Crime and Civil Liberties - in this area the public will soon come to realise that National - Act cannot deliver on its promise to reduce crime in the community. They will also come to appreciate that the State will intrude even more into their lives as civil liberties are reduced and surveillance becomes a norm.
For Key these tensions will prove difficult to manage as so many of his bench and MPs like, Ryall, McCully, Williamson, Wong, Smith N & L, Brownlee and English, have deep seated and firmly held political beliefs that can be evidenced by their past involvement in retributive legislation that will not be able to be controlled under his natural instinct to gamble for a gain by short term expediency thus opening the possibility of a push by Key's controller, English, to make a push for more overt control of power and a consequent hardening of policy initiatives and true nanny state legislation.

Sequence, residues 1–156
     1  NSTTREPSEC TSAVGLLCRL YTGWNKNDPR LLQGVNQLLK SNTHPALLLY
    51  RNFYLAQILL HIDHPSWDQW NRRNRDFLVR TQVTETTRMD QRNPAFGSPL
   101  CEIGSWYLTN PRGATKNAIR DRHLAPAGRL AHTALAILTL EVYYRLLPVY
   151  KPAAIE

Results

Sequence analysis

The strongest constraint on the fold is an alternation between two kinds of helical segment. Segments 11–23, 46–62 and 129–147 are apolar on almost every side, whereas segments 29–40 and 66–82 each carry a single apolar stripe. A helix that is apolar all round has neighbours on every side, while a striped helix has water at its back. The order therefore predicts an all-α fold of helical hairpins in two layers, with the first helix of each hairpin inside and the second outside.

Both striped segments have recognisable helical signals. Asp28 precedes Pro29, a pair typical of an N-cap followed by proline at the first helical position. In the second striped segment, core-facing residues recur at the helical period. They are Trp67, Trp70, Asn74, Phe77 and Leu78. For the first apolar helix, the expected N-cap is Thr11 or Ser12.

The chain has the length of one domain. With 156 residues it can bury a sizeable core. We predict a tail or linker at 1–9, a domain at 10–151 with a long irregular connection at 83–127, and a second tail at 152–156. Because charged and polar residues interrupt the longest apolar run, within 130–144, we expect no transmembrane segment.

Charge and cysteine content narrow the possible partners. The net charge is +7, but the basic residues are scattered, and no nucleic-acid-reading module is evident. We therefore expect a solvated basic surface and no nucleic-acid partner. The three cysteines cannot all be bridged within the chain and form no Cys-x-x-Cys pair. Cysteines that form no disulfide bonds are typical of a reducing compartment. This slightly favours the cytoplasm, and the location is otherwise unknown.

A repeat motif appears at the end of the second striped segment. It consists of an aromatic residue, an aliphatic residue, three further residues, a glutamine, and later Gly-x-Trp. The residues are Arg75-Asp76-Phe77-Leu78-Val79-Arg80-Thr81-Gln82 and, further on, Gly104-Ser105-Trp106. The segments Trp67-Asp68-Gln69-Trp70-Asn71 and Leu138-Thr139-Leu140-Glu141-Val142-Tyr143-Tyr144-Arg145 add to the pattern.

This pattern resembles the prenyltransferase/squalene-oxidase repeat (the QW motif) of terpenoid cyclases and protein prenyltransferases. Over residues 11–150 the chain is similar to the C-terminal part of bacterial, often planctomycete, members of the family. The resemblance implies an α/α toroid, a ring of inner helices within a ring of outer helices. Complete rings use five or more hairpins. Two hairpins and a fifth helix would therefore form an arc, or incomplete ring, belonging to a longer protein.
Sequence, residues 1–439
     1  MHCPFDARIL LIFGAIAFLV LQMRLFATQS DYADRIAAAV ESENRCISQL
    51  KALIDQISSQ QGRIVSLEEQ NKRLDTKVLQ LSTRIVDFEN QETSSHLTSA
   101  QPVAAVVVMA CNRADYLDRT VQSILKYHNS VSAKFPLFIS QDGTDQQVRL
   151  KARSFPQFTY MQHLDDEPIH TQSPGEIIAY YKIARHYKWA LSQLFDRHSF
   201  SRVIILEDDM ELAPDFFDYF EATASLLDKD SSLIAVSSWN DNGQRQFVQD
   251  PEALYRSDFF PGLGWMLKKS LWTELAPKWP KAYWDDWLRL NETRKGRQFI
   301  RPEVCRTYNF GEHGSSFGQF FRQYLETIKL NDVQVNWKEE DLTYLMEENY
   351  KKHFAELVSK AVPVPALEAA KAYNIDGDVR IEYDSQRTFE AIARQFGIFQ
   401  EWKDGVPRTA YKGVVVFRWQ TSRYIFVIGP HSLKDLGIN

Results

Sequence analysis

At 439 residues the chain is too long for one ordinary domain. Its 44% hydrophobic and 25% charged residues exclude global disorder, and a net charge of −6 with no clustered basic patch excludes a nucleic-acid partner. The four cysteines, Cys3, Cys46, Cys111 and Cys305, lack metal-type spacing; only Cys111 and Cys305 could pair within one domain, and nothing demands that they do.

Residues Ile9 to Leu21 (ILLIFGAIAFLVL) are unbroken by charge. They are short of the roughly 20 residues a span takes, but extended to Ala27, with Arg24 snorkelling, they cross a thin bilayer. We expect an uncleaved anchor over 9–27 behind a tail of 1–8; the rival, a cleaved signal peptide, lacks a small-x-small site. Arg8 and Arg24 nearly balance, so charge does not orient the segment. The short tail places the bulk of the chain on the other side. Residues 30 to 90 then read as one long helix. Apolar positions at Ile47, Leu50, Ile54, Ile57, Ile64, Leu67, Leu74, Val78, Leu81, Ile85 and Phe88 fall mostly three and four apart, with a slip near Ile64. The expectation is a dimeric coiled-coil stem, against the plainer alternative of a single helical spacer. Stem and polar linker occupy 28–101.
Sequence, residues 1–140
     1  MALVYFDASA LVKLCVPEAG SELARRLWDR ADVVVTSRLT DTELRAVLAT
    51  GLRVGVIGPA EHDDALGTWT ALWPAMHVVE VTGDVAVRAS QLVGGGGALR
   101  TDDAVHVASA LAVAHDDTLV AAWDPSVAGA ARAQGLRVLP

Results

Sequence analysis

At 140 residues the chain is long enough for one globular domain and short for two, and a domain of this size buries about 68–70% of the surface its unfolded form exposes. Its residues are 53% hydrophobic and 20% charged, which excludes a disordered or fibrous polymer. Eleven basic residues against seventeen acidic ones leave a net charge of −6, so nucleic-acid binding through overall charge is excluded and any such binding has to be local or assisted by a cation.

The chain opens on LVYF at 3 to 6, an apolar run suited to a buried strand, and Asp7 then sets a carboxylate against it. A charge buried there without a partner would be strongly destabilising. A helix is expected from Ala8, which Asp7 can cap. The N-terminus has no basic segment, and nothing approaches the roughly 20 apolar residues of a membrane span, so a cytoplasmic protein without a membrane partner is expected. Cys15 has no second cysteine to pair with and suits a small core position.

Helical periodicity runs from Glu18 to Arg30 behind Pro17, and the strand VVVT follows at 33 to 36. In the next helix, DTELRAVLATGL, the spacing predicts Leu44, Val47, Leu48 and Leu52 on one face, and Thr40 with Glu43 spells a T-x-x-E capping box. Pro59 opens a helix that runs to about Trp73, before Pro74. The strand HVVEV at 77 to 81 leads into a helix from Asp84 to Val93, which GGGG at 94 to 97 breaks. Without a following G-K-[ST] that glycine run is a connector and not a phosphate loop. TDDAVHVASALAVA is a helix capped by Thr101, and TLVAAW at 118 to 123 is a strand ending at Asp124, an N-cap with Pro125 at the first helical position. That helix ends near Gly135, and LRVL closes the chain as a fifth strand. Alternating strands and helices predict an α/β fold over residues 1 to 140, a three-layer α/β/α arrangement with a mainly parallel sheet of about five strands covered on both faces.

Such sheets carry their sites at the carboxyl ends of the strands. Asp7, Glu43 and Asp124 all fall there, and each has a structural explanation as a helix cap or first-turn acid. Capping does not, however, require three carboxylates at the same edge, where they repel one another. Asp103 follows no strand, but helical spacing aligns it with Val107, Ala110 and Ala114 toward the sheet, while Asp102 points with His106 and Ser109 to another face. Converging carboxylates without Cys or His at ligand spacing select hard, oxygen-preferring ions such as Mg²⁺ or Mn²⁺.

So while the polls may have spoken they spoke for an image not for what lay behind it so that as the next three years unfold and Key's instinctive flip floppery management style fail to control his coalition it should not come as surprise to the more astute observers to see what appeared to be a comfortable majority faction into self destructive quarrelling while Hide and Douglas, like the ghost of Adam, gibber at the table.

4 Nov 2008


One cannot help but wonder at the political naivety of the National Party leader when he announces to the world that he would prefer to work with a Republican President rather than a Democrat as he believes that McCain's policies would indicate he would be a friend to NZ whereas Obama would not be such an assured "friend to New Zealand."